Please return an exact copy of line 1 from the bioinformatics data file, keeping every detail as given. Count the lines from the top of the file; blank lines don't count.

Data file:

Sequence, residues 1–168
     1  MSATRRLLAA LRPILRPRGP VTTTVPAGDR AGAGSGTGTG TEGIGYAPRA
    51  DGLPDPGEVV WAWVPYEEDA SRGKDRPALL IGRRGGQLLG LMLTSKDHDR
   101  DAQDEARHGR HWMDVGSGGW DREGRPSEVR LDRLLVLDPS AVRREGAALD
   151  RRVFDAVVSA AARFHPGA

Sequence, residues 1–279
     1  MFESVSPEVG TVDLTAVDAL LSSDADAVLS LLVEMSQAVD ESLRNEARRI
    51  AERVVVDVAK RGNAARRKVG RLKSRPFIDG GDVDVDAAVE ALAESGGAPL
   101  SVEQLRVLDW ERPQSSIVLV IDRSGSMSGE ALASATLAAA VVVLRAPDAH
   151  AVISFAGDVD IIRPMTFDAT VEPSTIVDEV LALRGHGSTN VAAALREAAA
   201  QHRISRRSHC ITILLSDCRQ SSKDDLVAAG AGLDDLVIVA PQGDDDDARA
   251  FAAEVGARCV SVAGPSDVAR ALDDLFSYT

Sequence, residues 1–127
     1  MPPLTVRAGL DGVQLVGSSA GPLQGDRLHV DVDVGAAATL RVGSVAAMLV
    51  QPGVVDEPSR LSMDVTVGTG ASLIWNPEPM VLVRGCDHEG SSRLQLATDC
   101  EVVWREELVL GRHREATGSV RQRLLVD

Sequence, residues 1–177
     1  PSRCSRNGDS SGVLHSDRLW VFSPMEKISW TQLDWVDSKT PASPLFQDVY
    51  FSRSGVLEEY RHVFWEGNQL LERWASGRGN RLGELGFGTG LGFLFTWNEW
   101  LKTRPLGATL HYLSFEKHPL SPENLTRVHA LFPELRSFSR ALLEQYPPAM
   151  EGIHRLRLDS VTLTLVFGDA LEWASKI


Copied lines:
Sequence, residues 1–168